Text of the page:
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International Journal of
eISSN: 2574-8084

Radiology & Radiation Therapy

Research Article Volume 10 Issue 5

The importance of nanoparticles for development of radioprotective agents

Cherupally Krishnan Krishnan Nair,1 Aditya Menon,2 Dhanya K Chandrasekharan3

1Amrita Institute of Medical Sciences, Amrita Viswavidyapeeth, India
2Origin diagnostics and Research, India
3Department of Microbiology, St Mary’s College, India

Correspondence: Dr Cherupally Krishnan Krishnan Nair, Amrita Institute of Medical Sciences, Amrita Viswapeeth, Kochi 682 041, Kerala, India, Tel 9446805426

Received: October 09, 2023 | Published: October 18, 2023

Citation: Krishnan Nair CK, Menon A, Chandrasekharan DK. The importance of nanoparticles for development of radioprotective agents. Int J Radiol Radiat Ther. 2023;10(5):112-117. DOI: 10.15406/ijrrt.2023.10.00365

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Radiation, ionizing or non-ionizing radiation affects living forms in a variety of ways; it has helped life forms evolve, provided a source of energy and is an invaluable tool in modern medicine while its inadvertent use results in serious radiation induced damages For exploiting the complete beneficial use of radiation, the risks of radiation exposures in a biological system are to be restricted which may be achieved through the use of radioprotectors which are any medicinal agent or device when applied prior to or during radiation exposure prevents or limits radiation injury at the molecular, cellular, tissue or organ system level Recently nanoparticles are gaining interest in the field of radioprotection as nanoparticles of various metal oxides were found to possess antioxidant properties and several of them have the ability to offer protection against radiation damages The present review details on the recent advances in the research on the use of nanoparticles for development of radioprotective agents.

Keywords: radioprotector, platinum nanoparticles, gold nanoparticles, silver nanoparticles, cerium oxide nanoparticles, fullerenes or carbon nanoparticles


PLGA, Poly (lactic-co-glycolic) acid; ROS, reactive oxygen species; ER stress: endoplasmic reticulum stress; FDA, food and drug administration; CT scan: computed tomography scan; OH•, hydroxyl free radical; H•, hydrogen free radical; HO2•, hydroperoxyl radical; SN, silver nanoparticle; GLY, glycerrhizic acid; LA, lipoic acid


Ionizing radiation and radioactive elements have influenced human life in a variety of ways; apart from helping life forms evolve, they provided a source of energy and are invaluable in modern medicine as diagnotic and therapeutic tools The widespread use of ionosing radiation and radioactivity has generated an increased fear of exposure of living beings to radiation and consequent radiation-induced deleterious effects.1 Ionizing radiation both electromagnetic and particle radiation produce ions during passage through the matter and when interacting with living cells, causes a variety of changes depending on the exposed and the absorbed doses, duration of exposure and interval after exposure, and the sensitivity or susceptibility of the tissues.2 and cause immediate chemical alterations in cells damaging DNA and membranes The harmful effects of radiation in biological systems are mediated through ionized or excited atoms and molecules that produce free radicals through radiolysis of water in the cellular milieu The products of radiolysis of water molecules are the highly reactive free radicals, such as hydrogen free radical (H) and hydroxyl free radical (OH) The third type of free radical, hydroperoxyl radical (HO2), is formed when the hydrogen free radical interacts with molecular oxygen 60%–70% of tissue damage induced by ionizing radiation is believed to be caused by OH radicals.3 These free radicals causes single strand breaks, double strand breaks, oxidative damage to sugar and base residues in DNA and many forms of cellular damage, such as reproductive death, interphase death, division delay, chromosome aberrations, mutations and transformations.4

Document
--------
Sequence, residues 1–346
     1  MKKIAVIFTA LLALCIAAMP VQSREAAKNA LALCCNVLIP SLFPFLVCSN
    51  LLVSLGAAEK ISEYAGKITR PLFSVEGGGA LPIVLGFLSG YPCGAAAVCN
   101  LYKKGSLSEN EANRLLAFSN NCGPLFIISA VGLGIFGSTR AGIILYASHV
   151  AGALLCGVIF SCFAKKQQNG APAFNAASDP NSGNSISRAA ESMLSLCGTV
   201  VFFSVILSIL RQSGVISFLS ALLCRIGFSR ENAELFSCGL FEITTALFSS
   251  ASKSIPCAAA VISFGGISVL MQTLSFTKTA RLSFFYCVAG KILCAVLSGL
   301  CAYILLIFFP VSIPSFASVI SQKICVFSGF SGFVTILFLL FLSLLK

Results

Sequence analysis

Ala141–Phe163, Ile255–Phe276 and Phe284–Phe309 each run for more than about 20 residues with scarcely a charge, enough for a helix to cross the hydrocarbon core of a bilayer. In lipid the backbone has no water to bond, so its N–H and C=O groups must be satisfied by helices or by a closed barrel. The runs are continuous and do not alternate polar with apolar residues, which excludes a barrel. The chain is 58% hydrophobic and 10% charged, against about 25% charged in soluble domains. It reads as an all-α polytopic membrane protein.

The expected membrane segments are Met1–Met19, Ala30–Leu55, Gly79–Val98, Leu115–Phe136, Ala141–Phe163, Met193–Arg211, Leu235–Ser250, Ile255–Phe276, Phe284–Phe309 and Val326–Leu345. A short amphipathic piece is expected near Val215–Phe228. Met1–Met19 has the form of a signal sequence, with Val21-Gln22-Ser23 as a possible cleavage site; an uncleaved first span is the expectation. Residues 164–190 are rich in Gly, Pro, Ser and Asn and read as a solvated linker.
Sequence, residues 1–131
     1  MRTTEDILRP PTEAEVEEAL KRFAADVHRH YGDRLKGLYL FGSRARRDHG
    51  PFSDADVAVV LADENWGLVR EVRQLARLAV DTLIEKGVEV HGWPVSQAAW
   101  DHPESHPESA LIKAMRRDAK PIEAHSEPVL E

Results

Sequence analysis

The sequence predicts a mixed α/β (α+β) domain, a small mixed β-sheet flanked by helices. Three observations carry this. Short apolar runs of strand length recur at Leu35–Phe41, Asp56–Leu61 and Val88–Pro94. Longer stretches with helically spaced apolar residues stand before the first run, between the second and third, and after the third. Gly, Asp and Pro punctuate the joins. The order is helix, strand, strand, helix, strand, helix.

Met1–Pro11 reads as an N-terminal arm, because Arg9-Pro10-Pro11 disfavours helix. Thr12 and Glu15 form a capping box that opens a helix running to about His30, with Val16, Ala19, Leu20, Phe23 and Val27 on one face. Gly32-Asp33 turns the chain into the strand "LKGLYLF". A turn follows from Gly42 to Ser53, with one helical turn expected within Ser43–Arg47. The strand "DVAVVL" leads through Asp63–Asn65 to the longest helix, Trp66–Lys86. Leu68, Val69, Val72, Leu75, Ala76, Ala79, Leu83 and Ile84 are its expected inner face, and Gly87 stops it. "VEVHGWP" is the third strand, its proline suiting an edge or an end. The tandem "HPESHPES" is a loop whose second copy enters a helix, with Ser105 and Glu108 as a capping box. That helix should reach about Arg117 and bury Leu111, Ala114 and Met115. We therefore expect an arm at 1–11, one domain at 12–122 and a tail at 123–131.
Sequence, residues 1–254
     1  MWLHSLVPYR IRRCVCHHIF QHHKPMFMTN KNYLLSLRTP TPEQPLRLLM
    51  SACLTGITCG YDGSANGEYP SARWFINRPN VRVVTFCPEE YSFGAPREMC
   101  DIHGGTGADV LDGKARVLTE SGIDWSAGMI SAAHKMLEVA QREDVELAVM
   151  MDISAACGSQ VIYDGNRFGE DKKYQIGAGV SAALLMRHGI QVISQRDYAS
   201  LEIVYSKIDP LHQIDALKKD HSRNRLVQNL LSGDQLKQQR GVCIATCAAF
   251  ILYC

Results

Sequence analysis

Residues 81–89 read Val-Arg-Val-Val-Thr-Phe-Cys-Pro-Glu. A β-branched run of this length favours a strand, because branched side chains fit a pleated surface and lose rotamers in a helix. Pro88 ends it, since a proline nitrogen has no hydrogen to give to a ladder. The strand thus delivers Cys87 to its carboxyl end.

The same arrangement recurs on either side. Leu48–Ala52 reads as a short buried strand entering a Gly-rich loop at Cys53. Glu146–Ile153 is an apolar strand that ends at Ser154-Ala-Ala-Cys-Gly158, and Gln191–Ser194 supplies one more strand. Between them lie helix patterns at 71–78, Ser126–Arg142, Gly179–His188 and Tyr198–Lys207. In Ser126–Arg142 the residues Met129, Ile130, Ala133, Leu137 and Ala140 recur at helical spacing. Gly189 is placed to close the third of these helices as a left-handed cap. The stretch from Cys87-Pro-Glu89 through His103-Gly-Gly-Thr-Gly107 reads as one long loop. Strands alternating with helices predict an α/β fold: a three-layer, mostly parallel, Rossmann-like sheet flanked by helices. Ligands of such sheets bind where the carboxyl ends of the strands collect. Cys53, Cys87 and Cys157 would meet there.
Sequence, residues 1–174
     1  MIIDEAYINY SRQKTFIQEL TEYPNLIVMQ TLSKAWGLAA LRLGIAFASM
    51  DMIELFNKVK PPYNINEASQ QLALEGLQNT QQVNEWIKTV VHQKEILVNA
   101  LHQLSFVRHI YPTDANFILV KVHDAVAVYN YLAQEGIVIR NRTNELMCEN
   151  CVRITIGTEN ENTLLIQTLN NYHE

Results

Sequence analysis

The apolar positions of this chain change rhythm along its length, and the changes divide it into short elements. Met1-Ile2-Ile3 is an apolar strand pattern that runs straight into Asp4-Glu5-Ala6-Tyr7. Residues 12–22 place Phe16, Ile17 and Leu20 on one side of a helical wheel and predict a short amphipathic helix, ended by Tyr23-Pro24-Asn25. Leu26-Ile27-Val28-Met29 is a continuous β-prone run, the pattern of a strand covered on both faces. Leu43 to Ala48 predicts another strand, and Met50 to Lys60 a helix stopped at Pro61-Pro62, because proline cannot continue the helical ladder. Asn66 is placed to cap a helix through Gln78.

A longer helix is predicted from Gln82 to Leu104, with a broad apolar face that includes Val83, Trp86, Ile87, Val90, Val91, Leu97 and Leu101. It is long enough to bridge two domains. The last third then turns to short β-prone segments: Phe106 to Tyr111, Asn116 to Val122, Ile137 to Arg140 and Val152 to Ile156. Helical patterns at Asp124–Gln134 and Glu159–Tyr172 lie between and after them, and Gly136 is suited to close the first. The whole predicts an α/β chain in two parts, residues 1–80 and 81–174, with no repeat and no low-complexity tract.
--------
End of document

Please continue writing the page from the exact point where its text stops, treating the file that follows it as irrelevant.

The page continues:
Ionizing radiations are encountered in different spheres of human life Human beings are constantly getting exposed to natural background radiation which accounts for approximately 80% of exposure, mostly from indoor radon, followed by radiation from space and Earth’s crust while man-made sources of radiation account for the rest 20% exposure.5 The anthropoigenic radiation sources include, diagnostic X-rays, radiopharmaceuticals for diagnosis and treatment, radiation therapy for cancer, for sterilizing medical equipment and food products, nuclear power reactors for energy generation, etc This widespread use of radiation in diagnosis, therapy, industry, energy sector and inadvertent exposure during air and space travel, nuclear accidents and nuclear terror attacks, etc has increased the exposure of living beings to radiation.6

Need for radioprotectors

Recent reports indicate the possibility of cancer induction due to exposure of humans to radiation during therapeutic and diagnostic X rays.7 and CT scans (computed tomography scan).8 For exploiting the complete beneficial use of radiation, the risks of radiation exposures are to be restricted Thus, the role of radioprotection is very important in clinical situations of radiation exposure.6 Radioprotectors can be defined as “any medicinal agent or device applied prior to or during radiation exposure that actively prevents or limits injury, whether that injury be at the molecular, cellular, tissue or organ system level”.9 Radioprotectors have the ability to reduce the biological effects of ionizing radiation on normal tissues, including lethality, mutagenicity and carcinogenicity,10-11 and have applications in clinical oncology, space travel, radiation site clean-up, radiological terrorism and military scenarios.12

Among the many radioprotective compounds that have been developed over the years, a majority was designed to reduce the levels of radiation-induced free radicals within the cell Thiol compounds like Amifostine (WR-2721), which are efficient free radical scavengers, have been studied extensively Amifostine is the only Food and Drug Administration (FDA) approved radioprotector in use and is currently employed in the clinic for reducing the incidence and severity of xerostomia in head and neck cancer patients undergoing radiation therapy Unfortunately, application of this drug has so far been less than hoped for, owing to toxicity often being evidenced at optimal radioprotective doses.13-14